Chapter

Models of Legal Control: North America and Europe<sup>1</sup>

Christopher Harding and Julian Joshua

in Regulating Cartels in Europe

Second edition

Published in print December 2010 | ISBN: 9780199551484
Published online May 2011 | e-ISBN: 9780191594977 | DOI: http://dx.doi.org/10.1093/acprof:oso/9780199551484.003.0003

Series: Oxford Studies in European Law

Models of Legal Control: North America and Europe1

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This chapter explains and analyses the essential historical and legal context of the subject. The chapter is constructed around a comparison of the two main historical models of regulation: that of the United States, based on the Sherman Act of 1890; and that of the European Community/Union, which has developed since the 1960s and provided the main alternative regulatory approach to that of the US. The subject is partly a historical narrative of the two main systems, but primarily a comparative analysis, drawing out the salient features of the two main models, and contrasting the more uncompromising and juridical approach under the American system, with the more pragmatic and administrative style of regulation historically preferred in Europe. Part of the purpose is to understand different levels of tolerance of cartel activity, resulting in what is described as a more ‘conduct-oriented’ approach in the US, compared with a more ‘outcome-oriented’ approach in Europe.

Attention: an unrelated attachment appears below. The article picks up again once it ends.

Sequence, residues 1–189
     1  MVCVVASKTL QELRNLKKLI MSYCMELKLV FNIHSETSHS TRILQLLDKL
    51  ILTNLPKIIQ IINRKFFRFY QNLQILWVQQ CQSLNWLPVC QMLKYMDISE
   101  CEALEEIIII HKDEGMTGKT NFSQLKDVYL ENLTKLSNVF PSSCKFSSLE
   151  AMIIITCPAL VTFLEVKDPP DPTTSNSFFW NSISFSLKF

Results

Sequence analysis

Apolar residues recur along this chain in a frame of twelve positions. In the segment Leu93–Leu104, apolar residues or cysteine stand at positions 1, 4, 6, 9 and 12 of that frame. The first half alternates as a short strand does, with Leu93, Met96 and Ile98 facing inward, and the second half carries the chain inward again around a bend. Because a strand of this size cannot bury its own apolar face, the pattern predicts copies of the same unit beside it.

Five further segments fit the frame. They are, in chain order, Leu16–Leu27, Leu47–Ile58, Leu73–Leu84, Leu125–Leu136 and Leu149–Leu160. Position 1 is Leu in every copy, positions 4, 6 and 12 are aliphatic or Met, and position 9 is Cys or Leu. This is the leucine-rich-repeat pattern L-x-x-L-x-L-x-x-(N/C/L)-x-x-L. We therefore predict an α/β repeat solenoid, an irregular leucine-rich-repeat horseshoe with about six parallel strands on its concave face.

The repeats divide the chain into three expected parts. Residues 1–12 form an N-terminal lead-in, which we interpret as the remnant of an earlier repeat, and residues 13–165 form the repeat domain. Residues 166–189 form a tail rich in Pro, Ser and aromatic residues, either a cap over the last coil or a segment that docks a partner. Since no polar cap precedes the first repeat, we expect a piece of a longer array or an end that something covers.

Keywords: Europe; United States; tolerance; juridical approach; administrative regulation

Chapter.  10289 words.  Illustrated.

Subjects: EU Law

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